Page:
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Contemporary philosophers sometimes present the complex relationships that can exist between permission, precept and prohibition within a given structure of law in a language of symbolic logic or in illustrative diagrams. Other modern scholars have pointed out that early formulations of the basic ideas they employ can be found in writers of the seventeenth and eighteenth centuries, including Leibnitz and Bentham and, especially, the German jurist Gottfried Achenwall. This article shows that the same structure of ideas was included centuries earlier in the work of Marsilius of Padua, and that his argument too can be presented as a modern 'deontic hexagon'. It concludes with a discussion of how Marsilius' engagement with the contemporary dispute over Franciscan poverty helped to shape his teaching in this area.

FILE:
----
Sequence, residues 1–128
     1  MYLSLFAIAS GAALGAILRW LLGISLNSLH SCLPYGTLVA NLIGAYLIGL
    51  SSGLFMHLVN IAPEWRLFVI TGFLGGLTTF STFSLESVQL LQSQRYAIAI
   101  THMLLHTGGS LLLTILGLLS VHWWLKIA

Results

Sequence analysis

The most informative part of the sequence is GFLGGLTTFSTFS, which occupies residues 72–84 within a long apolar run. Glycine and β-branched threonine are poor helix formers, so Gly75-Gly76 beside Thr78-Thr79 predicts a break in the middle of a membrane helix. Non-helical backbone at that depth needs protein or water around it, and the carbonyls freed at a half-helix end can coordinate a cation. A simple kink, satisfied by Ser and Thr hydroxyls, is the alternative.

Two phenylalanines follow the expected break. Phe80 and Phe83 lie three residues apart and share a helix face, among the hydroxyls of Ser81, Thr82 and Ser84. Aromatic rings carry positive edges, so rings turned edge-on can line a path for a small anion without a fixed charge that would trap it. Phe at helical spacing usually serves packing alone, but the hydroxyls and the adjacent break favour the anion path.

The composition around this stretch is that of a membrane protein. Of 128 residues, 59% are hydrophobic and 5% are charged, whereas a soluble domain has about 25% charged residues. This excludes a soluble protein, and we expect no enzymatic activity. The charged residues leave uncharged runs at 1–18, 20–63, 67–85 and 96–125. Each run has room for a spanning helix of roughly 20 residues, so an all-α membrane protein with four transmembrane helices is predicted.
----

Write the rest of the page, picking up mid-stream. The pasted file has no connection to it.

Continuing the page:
Keywords: Decretists; Deontic hexagon; Deontic logic; Franciscan poverty; Marsilius of Padua; indifferent acts; natural law; natural rights; permission and obligation; permissive law; precepts and prohibitions

Document Type: Research Article

Affiliations: Emeritus Professor, Cornell University, 450 McGraw Hall, Ithaca, NY 14853-4601., Email: bt20@cornell.edu

Publication date: January 1, 2007

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